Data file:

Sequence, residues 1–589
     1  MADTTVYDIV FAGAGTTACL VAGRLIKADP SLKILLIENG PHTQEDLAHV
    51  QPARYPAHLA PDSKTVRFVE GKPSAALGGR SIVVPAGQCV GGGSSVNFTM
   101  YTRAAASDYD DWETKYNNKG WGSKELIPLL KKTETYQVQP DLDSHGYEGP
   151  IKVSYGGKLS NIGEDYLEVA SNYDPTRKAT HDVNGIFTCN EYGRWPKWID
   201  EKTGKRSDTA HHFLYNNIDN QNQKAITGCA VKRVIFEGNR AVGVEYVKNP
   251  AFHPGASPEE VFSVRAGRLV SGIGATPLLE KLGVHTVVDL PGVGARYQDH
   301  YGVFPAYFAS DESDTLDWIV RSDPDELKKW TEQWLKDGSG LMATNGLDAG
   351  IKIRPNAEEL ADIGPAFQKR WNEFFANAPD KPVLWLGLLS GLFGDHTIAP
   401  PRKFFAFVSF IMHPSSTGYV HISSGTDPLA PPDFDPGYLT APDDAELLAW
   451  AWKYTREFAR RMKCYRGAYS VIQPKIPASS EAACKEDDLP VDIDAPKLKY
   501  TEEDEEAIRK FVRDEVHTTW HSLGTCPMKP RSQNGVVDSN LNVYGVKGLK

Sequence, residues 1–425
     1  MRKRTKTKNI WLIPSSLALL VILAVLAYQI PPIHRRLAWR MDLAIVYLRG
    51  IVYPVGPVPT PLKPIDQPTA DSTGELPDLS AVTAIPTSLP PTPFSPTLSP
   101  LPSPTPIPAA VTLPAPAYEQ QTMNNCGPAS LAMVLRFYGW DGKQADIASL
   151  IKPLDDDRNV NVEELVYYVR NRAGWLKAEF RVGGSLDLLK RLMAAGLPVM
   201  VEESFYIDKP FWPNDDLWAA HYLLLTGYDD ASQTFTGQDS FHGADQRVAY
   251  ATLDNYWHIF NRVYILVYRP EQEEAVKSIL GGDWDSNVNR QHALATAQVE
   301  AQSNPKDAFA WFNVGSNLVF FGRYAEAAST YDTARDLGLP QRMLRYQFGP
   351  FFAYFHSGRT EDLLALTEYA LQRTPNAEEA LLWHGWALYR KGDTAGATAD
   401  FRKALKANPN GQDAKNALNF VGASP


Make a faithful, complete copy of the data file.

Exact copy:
Sequence, residues 1–589
     1  MADTTVYDIV FAGAGTTACL VAGRLIKADP SLKILLIENG PHTQEDLAHV
    51  QPARYPAHLA PDSKTVRFVE GKPSAALGGR SIVVPAGQCV GGGSSVNFTM
   101  YTRAAASDYD DWETKYNNKG WGSKELIPLL KKTETYQVQP DLDSHGYEGP
   151  IKVSYGGKLS NIGEDYLEVA SNYDPTRKAT HDVNGIFTCN EYGRWPKWID
   201  EKTGKRSDTA HHFLYNNIDN QNQKAITGCA VKRVIFEGNR AVGVEYVKNP
   251  AFHPGASPEE VFSVRAGRLV SGIGATPLLE KLGVHTVVDL PGVGARYQDH
   301  YGVFPAYFAS DESDTLDWIV RSDPDELKKW TEQWLKDGSG LMATNGLDAG
   351  IKIRPNAEEL ADIGPAFQKR WNEFFANAPD KPVLWLGLLS GLFGDHTIAP
   401  PRKFFAFVSF IMHPSSTGYV HISSGTDPLA PPDFDPGYLT APDDAELLAW
   451  AWKYTREFAR RMKCYRGAYS VIQPKIPASS EAACKEDDLP VDIDAPKLKY
   501  TEEDEEAIRK FVRDEVHTTW HSLGTCPMKP RSQNGVVDSN LNVYGVKGLK

Sequence, residues 1–425
     1  MRKRTKTKNI WLIPSSLALL VILAVLAYQI PPIHRRLAWR MDLAIVYLRG
    51  IVYPVGPVPT PLKPIDQPTA DSTGELPDLS AVTAIPTSLP PTPFSPTLSP
   101  LPSPTPIPAA VTLPAPAYEQ QTMNNCGPAS LAMVLRFYGW DGKQADIASL
   151  IKPLDDDRNV NVEELVYYVR NRAGWLKAEF RVGGSLDLLK RLMAAGLPVM
   201  VEESFYIDKP FWPNDDLWAA HYLLLTGYDD ASQTFTGQDS FHGADQRVAY
   251  ATLDNYWHIF NRVYILVYRP EQEEAVKSIL GGDWDSNVNR QHALATAQVE
   301  AQSNPKDAFA WFNVGSNLVF FGRYAEAAST YDTARDLGLP QRMLRYQFGP
   351  FFAYFHSGRT EDLLALTEYA LQRTPNAEEA LLWHGWALYR KGDTAGATAD
   401  FRKALKANPN GQDAKNALNF VGASP